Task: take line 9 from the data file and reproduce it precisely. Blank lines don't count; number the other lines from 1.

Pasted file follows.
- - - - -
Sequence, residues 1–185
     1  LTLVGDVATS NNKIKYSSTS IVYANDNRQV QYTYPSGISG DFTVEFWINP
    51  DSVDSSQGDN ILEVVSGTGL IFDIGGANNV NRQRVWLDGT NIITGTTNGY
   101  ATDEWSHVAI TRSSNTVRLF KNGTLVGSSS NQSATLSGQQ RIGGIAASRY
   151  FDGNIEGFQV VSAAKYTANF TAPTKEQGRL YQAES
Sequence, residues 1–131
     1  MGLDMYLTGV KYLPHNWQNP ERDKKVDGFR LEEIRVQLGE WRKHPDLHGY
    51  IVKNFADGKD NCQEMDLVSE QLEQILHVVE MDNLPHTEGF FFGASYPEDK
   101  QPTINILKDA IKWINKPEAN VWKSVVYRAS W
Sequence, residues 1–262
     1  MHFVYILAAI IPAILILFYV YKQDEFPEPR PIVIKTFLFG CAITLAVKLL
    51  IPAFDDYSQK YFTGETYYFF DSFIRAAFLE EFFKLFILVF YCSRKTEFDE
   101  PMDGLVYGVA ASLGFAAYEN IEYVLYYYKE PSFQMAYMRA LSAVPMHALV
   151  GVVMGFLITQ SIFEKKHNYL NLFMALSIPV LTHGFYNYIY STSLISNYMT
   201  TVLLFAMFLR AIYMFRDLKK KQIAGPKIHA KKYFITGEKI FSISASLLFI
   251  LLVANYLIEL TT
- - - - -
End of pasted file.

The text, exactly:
   101  QPTINILKDA IKWINKPEAN VWKSVVYRAS W